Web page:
Homeschooling is a viable alternative to public schools

  • Posted: Wednesday, August 21, 2013 10:09 p.m.
Submitted Photo
Eighth-grader Ryan Hoyle studies on his computer during his school day at home.
Submitted Photo Eighth-grader Ryan Hoyle studies on his computer during his school day at home.

This week, thousands of Aiken County students strapped on their bookbags, grabbed their pencil boxes, kissed their guardians goodbye and headed off to their first day of school.

Some students, on the other hand, stayed behind.

Ryan Hoyle starts his morning at 7 a.m., and Julia Williams wakes at 8 a.m.

Hoyle plays a couple of games on his Playstation 3, while Williams eats breakfast.

The two have been homeschooled practically their whole lives.

Hoyle goes to school with his fifth-grade sister Breanna, while Williams studies independently.

There are many ways these students can learn, said Wendy Hoyle, Ryan’s mom and Aiken Area Home Educators president.

They can learn through traditional or modern means, like textbooks or by computer.

“It depends on the student,” Wendy said.

Tutors or outside instructors can be hired to teach the homeschoolers. Wendy has a woman with a degree in composition come to provide “another set of eyes” on Ryan’s and his sister’s papers. Williams’ dad Shane helps her with math and science, while her mom Jennifer teaches her everything else.

While students in a public school must sit in a designated classroom, homeschool students sit where they feel the most comfortable.

Ryan goes to a quiet room and works mainly with a computer. He said he learns best by “hearing it.”

Williams studies in her room or the house’s computer room and only uses a textbook with math.

People tend to think that if you are at home working or studying, you are just lying around in your pajamas watching TV, Jennifer said. While, yes, sometimes the students do wear their nightwear, their guardians have to prove their children are getting their required education.

Homeschooling is legal all around the U.S., according to advocacy organization Home School Legal Defense Association. There are three options guardians can take to legally homeschool in South Carolina.

One way is having your school district’s approval. Under this option, you must have at least a high school diploma, GED or baccalaureate degree; have an instructional year of 180 days made up of days that are at least 4½ hours and must keep records of your child’s work.

Ryan starts his learning around 8 a.m. and ends about 1 p.m., while Julia begins about 9 a.m., and stops around 1:30 p.m.

Students using this option are the only ones who have to take the annual statewide testing program and the Basic Skills Assessment Program.

Option two is to become a member of the South Carolina Association of Independent Home Schools. All one has to do is teach the required classes, have at least a high school diploma or GED and agree to a instructional year of 180 days.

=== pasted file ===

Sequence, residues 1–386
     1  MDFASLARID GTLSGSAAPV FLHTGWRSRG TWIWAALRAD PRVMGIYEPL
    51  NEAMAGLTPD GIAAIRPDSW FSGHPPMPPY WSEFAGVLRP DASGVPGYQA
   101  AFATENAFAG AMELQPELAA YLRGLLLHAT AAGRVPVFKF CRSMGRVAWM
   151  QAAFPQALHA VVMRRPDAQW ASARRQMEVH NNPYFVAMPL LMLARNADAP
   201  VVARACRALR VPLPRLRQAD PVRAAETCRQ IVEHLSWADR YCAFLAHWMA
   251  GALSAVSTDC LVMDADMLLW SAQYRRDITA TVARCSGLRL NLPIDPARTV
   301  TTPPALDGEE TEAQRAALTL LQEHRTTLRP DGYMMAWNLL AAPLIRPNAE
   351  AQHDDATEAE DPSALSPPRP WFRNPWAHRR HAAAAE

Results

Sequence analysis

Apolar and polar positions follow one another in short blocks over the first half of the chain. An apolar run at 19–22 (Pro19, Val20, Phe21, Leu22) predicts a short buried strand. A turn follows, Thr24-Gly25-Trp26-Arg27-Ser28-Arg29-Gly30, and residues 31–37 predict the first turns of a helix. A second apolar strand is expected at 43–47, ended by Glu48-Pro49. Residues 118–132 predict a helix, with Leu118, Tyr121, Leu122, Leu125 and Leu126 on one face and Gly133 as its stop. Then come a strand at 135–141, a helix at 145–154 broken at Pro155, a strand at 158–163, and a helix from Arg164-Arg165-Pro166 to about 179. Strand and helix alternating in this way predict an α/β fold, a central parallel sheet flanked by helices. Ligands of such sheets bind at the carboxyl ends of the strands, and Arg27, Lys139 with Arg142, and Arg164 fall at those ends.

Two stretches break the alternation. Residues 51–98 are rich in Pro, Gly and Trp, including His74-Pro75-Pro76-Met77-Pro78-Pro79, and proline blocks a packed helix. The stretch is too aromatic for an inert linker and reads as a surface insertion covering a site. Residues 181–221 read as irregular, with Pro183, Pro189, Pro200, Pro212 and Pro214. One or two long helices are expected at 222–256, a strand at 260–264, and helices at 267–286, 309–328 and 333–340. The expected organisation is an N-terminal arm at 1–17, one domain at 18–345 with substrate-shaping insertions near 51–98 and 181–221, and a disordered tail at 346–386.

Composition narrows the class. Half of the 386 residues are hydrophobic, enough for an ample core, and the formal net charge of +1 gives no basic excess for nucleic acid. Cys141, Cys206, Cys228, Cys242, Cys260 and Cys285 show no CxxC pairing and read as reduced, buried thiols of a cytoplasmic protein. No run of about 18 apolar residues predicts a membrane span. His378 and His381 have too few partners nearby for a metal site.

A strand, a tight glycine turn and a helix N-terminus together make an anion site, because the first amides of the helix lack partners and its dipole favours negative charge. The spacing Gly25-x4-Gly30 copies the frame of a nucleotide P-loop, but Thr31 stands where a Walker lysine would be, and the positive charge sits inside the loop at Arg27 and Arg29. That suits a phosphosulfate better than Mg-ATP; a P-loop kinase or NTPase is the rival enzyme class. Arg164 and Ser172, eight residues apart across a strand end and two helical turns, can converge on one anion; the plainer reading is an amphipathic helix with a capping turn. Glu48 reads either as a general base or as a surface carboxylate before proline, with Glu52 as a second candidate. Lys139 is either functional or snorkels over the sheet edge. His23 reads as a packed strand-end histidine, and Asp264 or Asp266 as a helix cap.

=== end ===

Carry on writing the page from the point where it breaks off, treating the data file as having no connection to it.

Option three is to enroll in a homeschool association with at least 50 members, such as the Palmetto Independent Educators, an Aiken group the Williamses use. Those who follow this route must fulfill all of the requirements under option two, in addition to keeping records of their children’s work.

In traditional schools, students are given a select list of classes to choose from. With homeschool, these students have to learn at least the basic subjects: reading, writing, math, science and social studies.

However, an advantage of homeschooling is being able to design the curriculum more to the student, Wendy said. For example, if the student wants to major in pre-med in college, his teacher can layer on more biology-based courses.

Courses can “play heavily on their strengths and weaknesses,” Wendy said.

A student might be taken out of school to use homeschool as a way to catch up. He might just want to explore more of a certain area that the regular school system isn’t able to provide.

“I’m not anti-public school,” Wendy said. “It’s just they can only do so much.”

Homeschoolers do get a chance to interact with other students, both from public school and from homeschool. Ryan has friends from his church, while Julia plays with a soccer team at The Family Y in Aiken.

Local organizations also offer chances for them to mingle. Aiken Center for the Arts offers classes for homeschool students to learn mediums like mosaics and mixed media, while the Ruth Patrick Science Education Center at USC Aiken holds programs in the spring.

Ryan said he is also developing a video game with some friends, while Julia likes to read in her spare time.

When it’s all said and done and the students finally reach the 12th grade, they graduate, just as if they were in public school.

In May, 13 homeschooled seniors gathered in the River of Life Church. After the ceremony, they emerged as graduates.

Wendy’s oldest son, Jonathon, was one of those alumni.

To read more about the laws of homeschool, visit www.hslda.org/laws/default.asp?State=SC.

Those who would like more information on homeschooling can call Wendy at 803-593-3991.

Stephanie Turner has a hand on all areas of production for the Aiken Standard.

Comments { }

Commenting rules: Do not post offensive, racial or violent messages. Responsibility for the statements posted lies with the commenter, not www.aikenstandard.com. Click 'report abuse' for any comments that you feel should be removed from the site. However, www.aikenstandard.com is not obligated to remove any comment posted on the site. Moderators do not have the ability to edit comments. Read the terms of use.